Therese smiled sadly when she served the poor girls who were their customers. Madame Raquin talked to everyone cheerfully. The customers always wanted Madame Raquin to serve them.

Days passed and every day was the same. And for Therese Raquin, every morning was the start of another boring day in the Passage du Pont-Neuf. The cheap goods in the shop became damp and dirty. Therese saw the dark, sad days going on and on to the end of her life. Every evening, she sat silently upstairs in the sitting-room. At ten o’clock, Madame Raquin went downstairs to lock the door of the shop. When she came up the stairs again, she kissed her son and his wife, and went happily into her bedroom. Francois, the cat, went to sit on his chair in the kitchen. Then the family went to bed.

Therese followed Camille into their bedroom. Every evening, she walked across the room and opened the window.

She stood there for a minute, looking out at the high, black wall. Then she closed the shutters and turned towards her husband and their cold bed.

One day in the week was different from the others. Every Thursday evening, the Raquins had visitors. Thursday evening was the most important time of the week. The Raquins and their visitors played dominoes, talked and drank tea. The visitors left late in the evening and the Raquins did not go to bed until eleven o’clock.

Their visitors were always the same people. The first was Old Michaud. He had known Madame Raquin in Vernon and he had been the Police Commissioner there. He was now retired and living in Paris. One wet day, soon after they had moved to Paris, Michaud had met Madame Raquin outside her shop. He was soon visiting the Raquin family every Thursday.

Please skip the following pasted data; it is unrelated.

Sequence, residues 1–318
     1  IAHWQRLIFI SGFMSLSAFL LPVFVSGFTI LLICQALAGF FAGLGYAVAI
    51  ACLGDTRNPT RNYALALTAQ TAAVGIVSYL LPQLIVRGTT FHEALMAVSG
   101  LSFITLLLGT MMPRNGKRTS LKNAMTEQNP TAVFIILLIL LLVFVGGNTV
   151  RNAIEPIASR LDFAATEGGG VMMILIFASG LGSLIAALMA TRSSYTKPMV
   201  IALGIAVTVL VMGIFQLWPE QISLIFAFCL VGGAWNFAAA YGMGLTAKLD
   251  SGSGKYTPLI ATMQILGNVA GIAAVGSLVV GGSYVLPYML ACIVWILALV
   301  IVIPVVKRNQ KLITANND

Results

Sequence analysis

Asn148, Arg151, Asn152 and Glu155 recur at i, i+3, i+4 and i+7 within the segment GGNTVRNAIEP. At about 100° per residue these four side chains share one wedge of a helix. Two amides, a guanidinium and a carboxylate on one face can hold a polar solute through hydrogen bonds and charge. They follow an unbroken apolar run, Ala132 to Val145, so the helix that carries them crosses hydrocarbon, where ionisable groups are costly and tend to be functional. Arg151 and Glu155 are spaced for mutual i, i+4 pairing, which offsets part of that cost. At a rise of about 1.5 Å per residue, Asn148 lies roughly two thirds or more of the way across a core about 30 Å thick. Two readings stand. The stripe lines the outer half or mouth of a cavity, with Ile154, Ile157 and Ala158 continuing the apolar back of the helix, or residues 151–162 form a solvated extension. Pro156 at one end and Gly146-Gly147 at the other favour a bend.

After a few weeks, Michaud brought his son Olivier, who worked in the police department, to the drapers shop. Olivier was a tall, thin young man, about thirty years old. Suzanne, Olivier’s pale little wife, came with him.

Grivet was a friend of Camille. He worked for the Orleans Railway Company with Camille. Grivet was an important man in the railway’s office and Camille respected him. Camille hoped that, one day, he would get Grivet’s job.

Every Thursday evening was the same. At seven o’clock, Madame Raquin went into the sitting-room and lit the fire in the stove. Then she put a big lamp in the middle of the table. Beside the lamp, Camille put the box of dominoes. Chairs were moved from along the walls and put round the table. Then Madame Raquin prepared the cups and saucers for tea.

At eight o’clock exactly, Old Michaud and Grivet met outside the little shop and went inside. Then everyone went up the spiral staircase to the sitting-room, sat down round the table, and waited for Olivier Michaud and his wife. They always arrived late.